Doris Mathebula walks 12km a day to fetch water because the municipal boreholes don’t work
Limpopo villagers say Mopani District Municipality has failed them
- Many villages in Giyani, Limpopo, have no water because municipal boreholes are broken.
- Many people have to walk to neighbouring villages, sometimes several times a day, to fetch water.
- The municipality blames vandalism and says it is waiting for Eskom to connect electricity to the boreholes.
Others might dread the floods but for villagers like Doris Mathebula in Giyani, Limpopo, the heavy rains are the only way to get enough fresh water. When it doesn’t rain, Mathebula has to make three trips a day to fetch water from taps in a village 2km away. Yet she lives about 500m from two boreholes that are not working at all.
“I have been staying at this place since 2014. These boreholes were drilled years back. One of them worked for two years and stopped, the other one never worked at all,” says Mathebula, who lives in Mavalani village.
Community leader Themba Chauke says Mopani District municipality has failed the 55 villages in Giyani by not providing water.
“They drilled a lot of boreholes in different villages but most of the boreholes are not working at all,” said Chauke.
Groundup visited two villages on Wednesday.
Mavalani has over 4,300 households according to Chauke. There are five boreholes that are supposed to be providing them water.
But Odas Ngobeni spokesperson for Mopani District Municipality said four had been vandalised and the fifth, drilled last year, had not yet been electrified by Eskom.
This leaves some of the villagers walking far to fetch water, while others resort to buying from households who have drilled their own boreholes.
“We are a family of four and we need a lot of water,” said Mathebula. “I have no option but to make trips to the nearest village. Everyday I have to make three trips. I carry three 25litre containers per trip in a wheelbarrow. By the end of the day I feel very tired and wonder when the boreholes will be fixed,” said Mathebula.
The more than 1,000 households in Basani village are praying that the heavy rains continue.
“We were very happy for the past few days (22 to 23 January 2021) when we received heavy rains in our area,” said resident Tinyiko Nwanukeri. “We captured the water in buckets and really we are assured of a good bath.” Otherwise the villagers have to buy water from other families who have boreholes, paying R2.50 for a 25litre container.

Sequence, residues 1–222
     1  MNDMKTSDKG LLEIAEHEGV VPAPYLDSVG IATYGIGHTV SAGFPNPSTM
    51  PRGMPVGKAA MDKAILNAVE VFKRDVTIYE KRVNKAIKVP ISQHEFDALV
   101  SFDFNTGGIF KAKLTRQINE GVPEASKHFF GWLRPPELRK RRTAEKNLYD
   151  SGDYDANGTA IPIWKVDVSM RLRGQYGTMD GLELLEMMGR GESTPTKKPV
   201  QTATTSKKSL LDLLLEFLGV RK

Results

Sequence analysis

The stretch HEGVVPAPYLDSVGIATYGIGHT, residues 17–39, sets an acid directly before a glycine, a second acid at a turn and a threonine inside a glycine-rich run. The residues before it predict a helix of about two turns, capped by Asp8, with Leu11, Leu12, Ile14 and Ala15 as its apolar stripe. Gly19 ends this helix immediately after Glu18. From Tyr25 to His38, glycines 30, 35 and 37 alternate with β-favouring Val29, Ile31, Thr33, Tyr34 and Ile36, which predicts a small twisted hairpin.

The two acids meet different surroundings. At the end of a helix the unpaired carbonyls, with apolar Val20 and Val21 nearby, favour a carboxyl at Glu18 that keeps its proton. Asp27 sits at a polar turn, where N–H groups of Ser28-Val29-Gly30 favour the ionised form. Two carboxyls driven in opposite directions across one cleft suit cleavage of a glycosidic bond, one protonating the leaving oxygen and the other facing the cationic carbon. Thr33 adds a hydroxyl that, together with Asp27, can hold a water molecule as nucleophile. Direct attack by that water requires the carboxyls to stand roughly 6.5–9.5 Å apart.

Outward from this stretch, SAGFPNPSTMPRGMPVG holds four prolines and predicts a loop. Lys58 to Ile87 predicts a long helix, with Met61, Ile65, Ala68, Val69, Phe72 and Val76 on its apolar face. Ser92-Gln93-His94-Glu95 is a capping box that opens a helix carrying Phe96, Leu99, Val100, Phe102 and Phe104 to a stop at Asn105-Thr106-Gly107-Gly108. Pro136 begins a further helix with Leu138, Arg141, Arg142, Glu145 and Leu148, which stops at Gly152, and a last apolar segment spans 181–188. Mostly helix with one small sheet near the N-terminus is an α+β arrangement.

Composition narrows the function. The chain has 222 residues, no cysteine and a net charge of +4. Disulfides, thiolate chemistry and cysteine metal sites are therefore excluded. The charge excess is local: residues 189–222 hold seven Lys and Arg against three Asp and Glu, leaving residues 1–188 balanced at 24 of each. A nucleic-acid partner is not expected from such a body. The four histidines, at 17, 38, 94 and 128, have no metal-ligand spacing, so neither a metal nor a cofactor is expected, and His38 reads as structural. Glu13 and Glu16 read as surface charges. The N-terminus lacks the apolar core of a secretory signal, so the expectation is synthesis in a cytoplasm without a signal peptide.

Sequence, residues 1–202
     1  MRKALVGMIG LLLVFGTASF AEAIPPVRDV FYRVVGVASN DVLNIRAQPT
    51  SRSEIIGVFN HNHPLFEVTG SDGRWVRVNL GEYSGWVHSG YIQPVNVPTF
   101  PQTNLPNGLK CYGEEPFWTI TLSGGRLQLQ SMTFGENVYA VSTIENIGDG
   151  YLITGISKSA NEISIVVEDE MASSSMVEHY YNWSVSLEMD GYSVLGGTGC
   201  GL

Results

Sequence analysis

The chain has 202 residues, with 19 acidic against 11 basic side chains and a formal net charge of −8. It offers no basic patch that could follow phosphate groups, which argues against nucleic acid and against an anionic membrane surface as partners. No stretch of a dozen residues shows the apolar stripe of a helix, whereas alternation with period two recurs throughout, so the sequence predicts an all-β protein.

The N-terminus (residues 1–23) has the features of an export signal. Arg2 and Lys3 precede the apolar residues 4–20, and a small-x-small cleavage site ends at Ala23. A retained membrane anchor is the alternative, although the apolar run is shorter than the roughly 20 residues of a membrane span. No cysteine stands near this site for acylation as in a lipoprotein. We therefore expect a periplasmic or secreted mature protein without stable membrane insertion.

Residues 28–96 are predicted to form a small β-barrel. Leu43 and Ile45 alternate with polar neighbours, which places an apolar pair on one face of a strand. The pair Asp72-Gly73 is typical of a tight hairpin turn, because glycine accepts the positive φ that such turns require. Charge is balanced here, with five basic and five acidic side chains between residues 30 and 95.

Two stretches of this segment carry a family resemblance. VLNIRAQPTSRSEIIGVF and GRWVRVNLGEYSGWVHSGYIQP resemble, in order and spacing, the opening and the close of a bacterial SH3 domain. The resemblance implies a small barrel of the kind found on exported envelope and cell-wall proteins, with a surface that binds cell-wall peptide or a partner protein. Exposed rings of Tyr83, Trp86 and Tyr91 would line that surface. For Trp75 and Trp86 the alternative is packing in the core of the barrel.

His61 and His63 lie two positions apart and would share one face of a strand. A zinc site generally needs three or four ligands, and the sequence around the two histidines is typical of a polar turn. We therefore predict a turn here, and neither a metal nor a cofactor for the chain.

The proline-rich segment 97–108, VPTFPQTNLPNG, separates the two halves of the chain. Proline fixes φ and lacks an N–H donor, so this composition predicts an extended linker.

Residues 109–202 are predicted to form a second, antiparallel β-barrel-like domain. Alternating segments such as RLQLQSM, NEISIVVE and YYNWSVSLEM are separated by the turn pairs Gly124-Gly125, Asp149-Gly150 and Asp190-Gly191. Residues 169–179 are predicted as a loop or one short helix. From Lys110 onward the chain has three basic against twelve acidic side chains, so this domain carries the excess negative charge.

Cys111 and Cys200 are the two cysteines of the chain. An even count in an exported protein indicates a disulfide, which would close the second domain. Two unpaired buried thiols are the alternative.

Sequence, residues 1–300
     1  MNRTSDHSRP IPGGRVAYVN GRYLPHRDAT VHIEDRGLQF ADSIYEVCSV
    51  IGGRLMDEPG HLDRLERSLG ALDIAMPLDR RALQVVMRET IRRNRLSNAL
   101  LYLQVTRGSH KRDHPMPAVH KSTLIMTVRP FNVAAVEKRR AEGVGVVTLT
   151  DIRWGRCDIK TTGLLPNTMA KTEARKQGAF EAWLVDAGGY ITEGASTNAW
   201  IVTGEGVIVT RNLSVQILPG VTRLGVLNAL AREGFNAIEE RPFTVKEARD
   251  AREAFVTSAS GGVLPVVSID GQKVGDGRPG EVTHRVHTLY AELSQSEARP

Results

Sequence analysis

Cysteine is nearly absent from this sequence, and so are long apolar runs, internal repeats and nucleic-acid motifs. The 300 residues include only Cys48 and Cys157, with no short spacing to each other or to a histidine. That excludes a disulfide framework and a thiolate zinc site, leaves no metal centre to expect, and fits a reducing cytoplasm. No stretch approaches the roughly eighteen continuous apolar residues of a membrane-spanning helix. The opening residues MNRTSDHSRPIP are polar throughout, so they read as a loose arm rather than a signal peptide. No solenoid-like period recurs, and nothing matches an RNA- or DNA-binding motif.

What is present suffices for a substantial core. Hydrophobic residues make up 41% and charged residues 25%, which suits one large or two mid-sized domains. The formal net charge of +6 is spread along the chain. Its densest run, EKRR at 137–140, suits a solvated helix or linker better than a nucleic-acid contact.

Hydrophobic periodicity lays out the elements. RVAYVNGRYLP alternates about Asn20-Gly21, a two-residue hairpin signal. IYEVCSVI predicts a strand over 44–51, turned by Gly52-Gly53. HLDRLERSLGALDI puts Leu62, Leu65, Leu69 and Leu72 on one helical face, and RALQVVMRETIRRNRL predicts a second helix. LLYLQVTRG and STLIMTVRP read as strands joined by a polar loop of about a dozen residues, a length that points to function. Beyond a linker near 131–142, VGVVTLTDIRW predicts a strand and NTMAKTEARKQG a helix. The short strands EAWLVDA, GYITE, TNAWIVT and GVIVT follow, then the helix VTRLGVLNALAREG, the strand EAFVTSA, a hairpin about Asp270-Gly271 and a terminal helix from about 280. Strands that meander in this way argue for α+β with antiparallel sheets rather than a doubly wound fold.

There are four boreholes in Basani. According to Ngobeni, one has dried up, two are waiting for electrification and one is working. But Nwanukeri said none of them are working.
“We have been unable to get Eskom to work much faster,” Ngobeni said. He said the municipality was now examining the possibility of using contractors accredited to Eskom. Meanwhile, he said, the municipality would continue to bring water in tankers to the villages. But residents say the tanker comes only once a month.
“The water delivered is not enough for everyone. Usually the drivers of the trucks promise to come back the following day but that has never happened,” said resident Lisbeth Mangany.
It is not only villages in Limpopo that is without water. The City of Polokwane has intermittently been without water for the past two or more years. Some high-lying neighbourhoods are often without water for several days or weeks due to unreliable provision of water by water trucks. If you do not have a back-up water tank and pressure pump system on your erf, you are doomed in this city. This is what happens when no planning for future demand and no maintenance of existing water infrastructure are done by the municipality, the utility Lepelle Northern Water and the Department of Water & Sanitation.
© 2021 GroundUp. This article is licensed under a Creative Commons Attribution-NoDerivatives 4.0 International License.
You may republish this article, so long as you credit the authors and GroundUp, and do not change the text. Please include a link back to the original article.